But not everyone who saw the collection was as excited as he was about the clothes, which featured blue stripes, basket weave patterns and samfoo collars.

Leong, who was a runner-up in the competition, says: "Some of the judges thought it was lame that my mother was my inspiration for clothes. At that time, I didn't know how to put together a concept for a fashion line but I just wanted to thank my mother."

He took part in the Singapore Fashion Designer Contest the following year, while he was working as chief designer for Basic Black, another local label, and did something no one else had done. He put on an autumn/winter collection. The clothes, in brown, grey and black, were lined with beautiful silk brocades on the inside. Some of the looks were reversible too.

The bold move paid off and he came out tops. He received a scholarship to study fashion design at the University of Montreal but turned it down to take care of his father, who was sick then.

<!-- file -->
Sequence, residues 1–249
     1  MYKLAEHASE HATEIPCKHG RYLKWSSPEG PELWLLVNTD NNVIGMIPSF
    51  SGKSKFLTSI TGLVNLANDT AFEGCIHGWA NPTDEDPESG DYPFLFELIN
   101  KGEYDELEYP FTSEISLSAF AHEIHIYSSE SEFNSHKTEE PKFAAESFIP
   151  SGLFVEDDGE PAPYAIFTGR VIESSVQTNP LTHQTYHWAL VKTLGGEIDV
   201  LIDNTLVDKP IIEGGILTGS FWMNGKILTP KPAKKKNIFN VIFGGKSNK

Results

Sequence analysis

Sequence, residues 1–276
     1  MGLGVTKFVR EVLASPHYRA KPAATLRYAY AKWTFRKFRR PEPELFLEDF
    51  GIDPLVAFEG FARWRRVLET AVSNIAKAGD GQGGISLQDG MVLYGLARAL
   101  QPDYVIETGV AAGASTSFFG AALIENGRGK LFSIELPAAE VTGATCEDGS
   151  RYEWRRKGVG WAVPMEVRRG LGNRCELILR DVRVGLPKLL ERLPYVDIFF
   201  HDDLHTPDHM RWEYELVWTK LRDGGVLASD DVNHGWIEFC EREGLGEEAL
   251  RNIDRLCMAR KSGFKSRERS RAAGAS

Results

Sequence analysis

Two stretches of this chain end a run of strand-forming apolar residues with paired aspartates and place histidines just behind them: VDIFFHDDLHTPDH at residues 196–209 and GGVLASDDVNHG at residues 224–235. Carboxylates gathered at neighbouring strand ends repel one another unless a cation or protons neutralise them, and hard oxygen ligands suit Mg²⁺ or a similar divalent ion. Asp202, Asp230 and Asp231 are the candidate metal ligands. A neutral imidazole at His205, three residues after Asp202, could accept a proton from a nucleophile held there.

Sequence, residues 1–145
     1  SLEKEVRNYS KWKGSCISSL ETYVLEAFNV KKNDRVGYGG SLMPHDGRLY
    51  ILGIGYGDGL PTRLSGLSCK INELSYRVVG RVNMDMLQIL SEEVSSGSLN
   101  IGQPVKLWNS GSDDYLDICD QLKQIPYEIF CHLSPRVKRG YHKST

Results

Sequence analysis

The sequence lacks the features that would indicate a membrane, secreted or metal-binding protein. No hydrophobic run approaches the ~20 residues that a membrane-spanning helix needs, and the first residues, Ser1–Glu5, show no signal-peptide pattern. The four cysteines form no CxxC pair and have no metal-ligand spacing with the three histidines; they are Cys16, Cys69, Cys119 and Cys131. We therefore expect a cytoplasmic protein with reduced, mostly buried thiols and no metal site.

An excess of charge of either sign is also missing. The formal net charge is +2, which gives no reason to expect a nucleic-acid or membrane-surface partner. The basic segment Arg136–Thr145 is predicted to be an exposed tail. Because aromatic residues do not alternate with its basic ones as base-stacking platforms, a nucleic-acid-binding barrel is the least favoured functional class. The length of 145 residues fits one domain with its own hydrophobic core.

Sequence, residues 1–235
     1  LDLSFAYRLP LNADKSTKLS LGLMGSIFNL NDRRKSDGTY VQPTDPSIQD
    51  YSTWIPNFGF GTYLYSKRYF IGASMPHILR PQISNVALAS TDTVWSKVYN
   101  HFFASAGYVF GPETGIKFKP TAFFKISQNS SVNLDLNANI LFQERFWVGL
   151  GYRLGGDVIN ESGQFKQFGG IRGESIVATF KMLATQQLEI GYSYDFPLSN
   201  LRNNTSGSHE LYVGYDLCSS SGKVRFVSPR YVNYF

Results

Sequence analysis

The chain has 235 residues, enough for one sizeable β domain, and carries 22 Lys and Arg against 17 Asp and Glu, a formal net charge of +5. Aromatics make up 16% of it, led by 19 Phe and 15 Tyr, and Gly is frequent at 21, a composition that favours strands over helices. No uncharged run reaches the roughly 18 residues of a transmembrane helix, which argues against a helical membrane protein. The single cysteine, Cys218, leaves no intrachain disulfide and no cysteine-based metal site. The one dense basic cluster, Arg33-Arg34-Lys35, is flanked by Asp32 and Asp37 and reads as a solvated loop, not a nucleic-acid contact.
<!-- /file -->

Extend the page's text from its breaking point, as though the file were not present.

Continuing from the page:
Instead, he asked to study fashion here after calculating that it would be more cost-efficient and he would be closer to home if anything happened to his father.

"My love-hate relationship with my dad didn't stop me from taking care of him. He was dying and I needed to be here."

In 1996, he attended Raffles LaSalle International School of Design as an older student and encountered scepticism from some of the lecturers, who thought that he was overqualified to study there.

"They knew my background... where I worked and the competitions I had taken part in. Their expectations were different for me, possibly some were worried that I would tell them what to do."

As a testament to his talent, he picked up numerous awards during his studies. These included winning the Smirnoff International Contest in 1997 and the Home Furnishing Fabric Fashion Design competition in 1998.

He also flew the Singapore flag at international fashion events such as the Smirnoff International Contest in 1998, where he was judged by fashion bigwigs including the late Alexander McQueen, and Beijing Fashion Week in 2000.